What depressed me the most, apart from the media’s merciless mauling of a young girl, were the comments made in response to it by so called intelligent people. One woman appeared on TV claiming that if the girl had racism and homophobia in her at fourteen then she must still have it in her. This woman’s view was essentially that we are all doomed to maintain the same way of thinking forever. If that’s true then I feel infinitely discouraged because isn’t it the hope that as human beings we can change and become better people that makes life worth living? The same woman did say during the live broadcast that she was 100% certain her own fourteen year old daughter would never behave in such a way. Now if I’ve learned anything in my life, it’s to never be 100% certain about anything a teenager might do so let’s just hope that this woman’s comments don’t come back to haunt her.
There are those then who argue that, even if we try and reinvent ourselves, the real us will always be there, lurking beneath the surface. I’m not so sure. I myself for instance, have a very successful double life. My mother’s version of me is completely at odds with everyone else’s. She believes me to be a hard working, teetotal, model of virtue and my portrayal of this has never slipped in the 32 years I have lived away from her. The reason for this, in case you are wondering about schizophrenia, is that she is a total control freak and the only chance of having any peace of mind is to throw her a virtual life to worry and nag about thus leaving the ‘real’ one free to roam. Ironically, she is not that impressed by the ‘model’ me so God only knows what she would make of the ‘real’ one.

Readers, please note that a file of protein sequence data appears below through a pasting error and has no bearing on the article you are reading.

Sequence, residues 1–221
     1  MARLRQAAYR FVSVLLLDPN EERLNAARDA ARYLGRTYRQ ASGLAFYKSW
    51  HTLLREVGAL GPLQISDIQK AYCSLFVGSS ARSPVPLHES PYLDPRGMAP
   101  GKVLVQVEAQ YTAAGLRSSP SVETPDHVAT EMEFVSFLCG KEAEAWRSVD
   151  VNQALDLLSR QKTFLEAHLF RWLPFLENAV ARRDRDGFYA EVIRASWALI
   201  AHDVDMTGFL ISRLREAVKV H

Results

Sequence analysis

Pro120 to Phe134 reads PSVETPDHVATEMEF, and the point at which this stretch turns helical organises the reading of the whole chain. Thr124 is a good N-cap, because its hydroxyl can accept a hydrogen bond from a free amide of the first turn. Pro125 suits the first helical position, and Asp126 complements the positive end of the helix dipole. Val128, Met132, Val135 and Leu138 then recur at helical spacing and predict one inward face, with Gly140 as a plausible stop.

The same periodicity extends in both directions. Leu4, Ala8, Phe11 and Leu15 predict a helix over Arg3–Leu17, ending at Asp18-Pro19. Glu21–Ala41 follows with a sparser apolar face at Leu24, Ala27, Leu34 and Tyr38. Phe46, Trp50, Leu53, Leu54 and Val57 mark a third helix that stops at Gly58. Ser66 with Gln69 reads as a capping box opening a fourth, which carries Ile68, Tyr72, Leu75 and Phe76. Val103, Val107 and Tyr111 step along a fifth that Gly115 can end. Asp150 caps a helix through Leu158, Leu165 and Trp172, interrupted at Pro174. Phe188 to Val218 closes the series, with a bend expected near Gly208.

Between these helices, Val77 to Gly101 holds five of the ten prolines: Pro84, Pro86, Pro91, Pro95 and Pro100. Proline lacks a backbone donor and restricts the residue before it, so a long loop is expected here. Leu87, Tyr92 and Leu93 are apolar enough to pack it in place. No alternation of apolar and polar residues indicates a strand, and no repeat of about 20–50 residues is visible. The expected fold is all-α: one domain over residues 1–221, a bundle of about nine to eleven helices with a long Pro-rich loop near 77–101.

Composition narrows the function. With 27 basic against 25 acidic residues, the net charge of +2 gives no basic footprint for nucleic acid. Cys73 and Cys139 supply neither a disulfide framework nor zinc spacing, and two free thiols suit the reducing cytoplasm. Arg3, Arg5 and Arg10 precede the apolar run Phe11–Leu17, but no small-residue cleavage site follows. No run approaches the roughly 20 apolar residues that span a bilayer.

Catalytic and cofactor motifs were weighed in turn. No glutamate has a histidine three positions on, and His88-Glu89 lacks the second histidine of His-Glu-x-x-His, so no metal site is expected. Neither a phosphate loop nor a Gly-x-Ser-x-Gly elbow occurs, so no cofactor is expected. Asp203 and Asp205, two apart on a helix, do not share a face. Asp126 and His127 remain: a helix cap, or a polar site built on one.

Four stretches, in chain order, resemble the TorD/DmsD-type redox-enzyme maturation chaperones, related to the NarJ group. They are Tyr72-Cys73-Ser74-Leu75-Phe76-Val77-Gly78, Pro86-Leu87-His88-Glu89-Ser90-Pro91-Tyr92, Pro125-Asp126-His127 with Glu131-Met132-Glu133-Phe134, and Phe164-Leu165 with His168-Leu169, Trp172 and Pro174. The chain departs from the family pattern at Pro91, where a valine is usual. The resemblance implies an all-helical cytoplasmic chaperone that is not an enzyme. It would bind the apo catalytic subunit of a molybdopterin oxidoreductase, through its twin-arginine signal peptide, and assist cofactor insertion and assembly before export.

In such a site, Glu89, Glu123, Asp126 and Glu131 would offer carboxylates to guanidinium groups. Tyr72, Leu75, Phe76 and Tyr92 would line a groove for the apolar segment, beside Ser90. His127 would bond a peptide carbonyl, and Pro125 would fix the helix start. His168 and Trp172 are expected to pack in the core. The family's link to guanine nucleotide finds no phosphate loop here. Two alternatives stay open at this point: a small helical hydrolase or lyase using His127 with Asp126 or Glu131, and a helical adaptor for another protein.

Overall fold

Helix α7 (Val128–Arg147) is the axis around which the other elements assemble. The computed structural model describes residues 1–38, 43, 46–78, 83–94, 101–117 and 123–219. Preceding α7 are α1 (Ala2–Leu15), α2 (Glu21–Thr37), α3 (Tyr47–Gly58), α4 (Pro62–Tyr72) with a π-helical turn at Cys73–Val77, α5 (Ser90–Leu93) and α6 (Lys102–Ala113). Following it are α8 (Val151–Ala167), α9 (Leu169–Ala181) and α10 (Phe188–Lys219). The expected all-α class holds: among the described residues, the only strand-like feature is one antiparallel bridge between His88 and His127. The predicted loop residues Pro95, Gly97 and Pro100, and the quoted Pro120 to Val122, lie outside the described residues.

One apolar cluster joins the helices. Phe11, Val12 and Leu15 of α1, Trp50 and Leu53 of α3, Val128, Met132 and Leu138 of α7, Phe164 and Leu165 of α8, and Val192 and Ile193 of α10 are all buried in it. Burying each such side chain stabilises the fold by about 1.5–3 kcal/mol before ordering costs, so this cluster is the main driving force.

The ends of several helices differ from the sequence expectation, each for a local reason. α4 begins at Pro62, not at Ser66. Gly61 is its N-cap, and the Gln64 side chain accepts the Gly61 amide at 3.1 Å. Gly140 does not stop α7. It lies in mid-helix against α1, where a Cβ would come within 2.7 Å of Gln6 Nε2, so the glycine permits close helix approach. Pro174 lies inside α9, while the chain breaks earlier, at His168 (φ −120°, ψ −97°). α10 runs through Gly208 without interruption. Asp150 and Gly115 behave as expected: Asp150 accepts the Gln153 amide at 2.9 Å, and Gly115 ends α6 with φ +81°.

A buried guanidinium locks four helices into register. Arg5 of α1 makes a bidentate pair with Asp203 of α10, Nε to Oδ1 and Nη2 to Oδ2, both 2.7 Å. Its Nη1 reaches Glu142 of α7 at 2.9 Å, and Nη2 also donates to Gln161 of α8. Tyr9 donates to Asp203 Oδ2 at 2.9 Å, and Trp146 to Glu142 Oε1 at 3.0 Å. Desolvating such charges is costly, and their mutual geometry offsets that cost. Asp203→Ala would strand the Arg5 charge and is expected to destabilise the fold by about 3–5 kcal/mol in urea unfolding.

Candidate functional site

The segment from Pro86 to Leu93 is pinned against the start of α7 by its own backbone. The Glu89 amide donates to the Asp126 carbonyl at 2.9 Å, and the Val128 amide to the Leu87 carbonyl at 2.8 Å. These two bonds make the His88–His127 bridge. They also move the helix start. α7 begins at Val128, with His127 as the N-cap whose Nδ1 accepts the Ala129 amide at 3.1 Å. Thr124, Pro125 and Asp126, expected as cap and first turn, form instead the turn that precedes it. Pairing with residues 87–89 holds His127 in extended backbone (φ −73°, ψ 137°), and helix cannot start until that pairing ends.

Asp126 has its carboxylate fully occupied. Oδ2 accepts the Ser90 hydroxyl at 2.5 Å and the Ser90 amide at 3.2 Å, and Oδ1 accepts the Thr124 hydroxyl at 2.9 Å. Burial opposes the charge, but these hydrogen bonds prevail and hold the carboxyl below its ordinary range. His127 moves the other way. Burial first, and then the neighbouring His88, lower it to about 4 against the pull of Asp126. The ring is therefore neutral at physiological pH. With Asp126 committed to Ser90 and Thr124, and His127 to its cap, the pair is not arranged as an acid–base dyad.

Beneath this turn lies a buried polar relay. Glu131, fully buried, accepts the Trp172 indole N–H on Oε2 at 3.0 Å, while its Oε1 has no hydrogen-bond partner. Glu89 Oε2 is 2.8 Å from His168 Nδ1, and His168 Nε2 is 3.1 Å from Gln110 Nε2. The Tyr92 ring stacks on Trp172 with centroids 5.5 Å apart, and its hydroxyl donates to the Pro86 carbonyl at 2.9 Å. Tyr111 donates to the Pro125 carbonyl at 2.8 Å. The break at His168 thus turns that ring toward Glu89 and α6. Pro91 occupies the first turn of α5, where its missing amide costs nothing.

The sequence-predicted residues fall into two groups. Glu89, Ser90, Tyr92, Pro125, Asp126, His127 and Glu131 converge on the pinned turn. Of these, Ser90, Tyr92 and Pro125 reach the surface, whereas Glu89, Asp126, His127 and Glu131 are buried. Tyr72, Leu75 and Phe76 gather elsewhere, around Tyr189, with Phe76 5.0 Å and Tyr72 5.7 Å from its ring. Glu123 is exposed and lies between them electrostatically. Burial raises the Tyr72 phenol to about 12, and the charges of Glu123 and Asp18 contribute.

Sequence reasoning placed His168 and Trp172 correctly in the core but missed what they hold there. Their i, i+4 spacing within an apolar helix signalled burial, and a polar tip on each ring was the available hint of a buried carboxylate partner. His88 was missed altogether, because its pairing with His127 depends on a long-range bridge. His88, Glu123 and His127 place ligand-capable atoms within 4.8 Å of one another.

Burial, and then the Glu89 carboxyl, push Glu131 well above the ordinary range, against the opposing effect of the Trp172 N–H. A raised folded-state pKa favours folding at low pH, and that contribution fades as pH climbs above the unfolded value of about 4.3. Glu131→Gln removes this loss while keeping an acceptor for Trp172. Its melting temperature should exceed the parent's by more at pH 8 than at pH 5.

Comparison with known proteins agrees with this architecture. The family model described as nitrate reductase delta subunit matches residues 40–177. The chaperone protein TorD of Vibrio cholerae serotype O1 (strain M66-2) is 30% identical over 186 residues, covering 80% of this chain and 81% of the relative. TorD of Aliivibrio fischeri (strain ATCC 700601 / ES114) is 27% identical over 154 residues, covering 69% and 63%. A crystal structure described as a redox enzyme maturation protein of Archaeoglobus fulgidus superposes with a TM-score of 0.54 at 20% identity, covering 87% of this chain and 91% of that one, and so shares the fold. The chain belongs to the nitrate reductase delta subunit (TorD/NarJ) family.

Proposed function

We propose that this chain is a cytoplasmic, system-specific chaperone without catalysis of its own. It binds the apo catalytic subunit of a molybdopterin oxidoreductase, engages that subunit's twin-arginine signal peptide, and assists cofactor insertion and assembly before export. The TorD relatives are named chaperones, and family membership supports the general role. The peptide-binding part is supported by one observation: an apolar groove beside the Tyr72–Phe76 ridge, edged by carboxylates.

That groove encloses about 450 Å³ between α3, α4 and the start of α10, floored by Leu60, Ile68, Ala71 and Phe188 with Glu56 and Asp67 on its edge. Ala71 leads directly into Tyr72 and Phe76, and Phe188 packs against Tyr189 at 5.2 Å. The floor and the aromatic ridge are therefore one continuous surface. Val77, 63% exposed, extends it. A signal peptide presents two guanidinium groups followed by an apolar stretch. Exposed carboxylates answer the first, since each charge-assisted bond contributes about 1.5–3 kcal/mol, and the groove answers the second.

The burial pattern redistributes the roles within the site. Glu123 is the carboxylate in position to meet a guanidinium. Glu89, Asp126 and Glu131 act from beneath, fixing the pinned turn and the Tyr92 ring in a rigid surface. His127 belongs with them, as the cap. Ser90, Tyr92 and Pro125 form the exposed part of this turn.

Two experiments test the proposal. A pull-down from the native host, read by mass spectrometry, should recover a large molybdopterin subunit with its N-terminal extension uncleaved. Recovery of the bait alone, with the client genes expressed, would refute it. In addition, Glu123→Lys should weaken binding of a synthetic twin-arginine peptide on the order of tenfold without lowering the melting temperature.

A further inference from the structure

I feel sure that she doesn’t suspect my secret identity but maybe I’m not as clever as I think I am. When I first decided that I needed a public persona for my writing, I took great care in constructing one. I would be intelligent, witty, wise and professional. Obviously, once I’d posted pictures, I couldn’t do much about appearance but I planned to be a better, more successful version of me. I set up the website, embraced the blog and engaged with Twitter. Friends, who I can’t get to read my books for neither love nor money, scour this blog the second it’s updated, mainly out of fear that I may have mentioned them. One evening, after a couple of drinks, I decided to take the bull by the horns and asked them what they thought of the new and improved blog version of me. I was more than a little bit disappointed when they gaped at me uncomprehendingly before voicing in agreement that I didn’t sound particularly intelligent, wise or witty. In fact, I sounded just the same as ever.
Maybe that’s the answer and we just delude ourselves otherwise. Maybe the versions of us that we believe to be us are all in our heads and other people, without the hindrance of vanity or egotism, see us much more clearly than we see ourselves.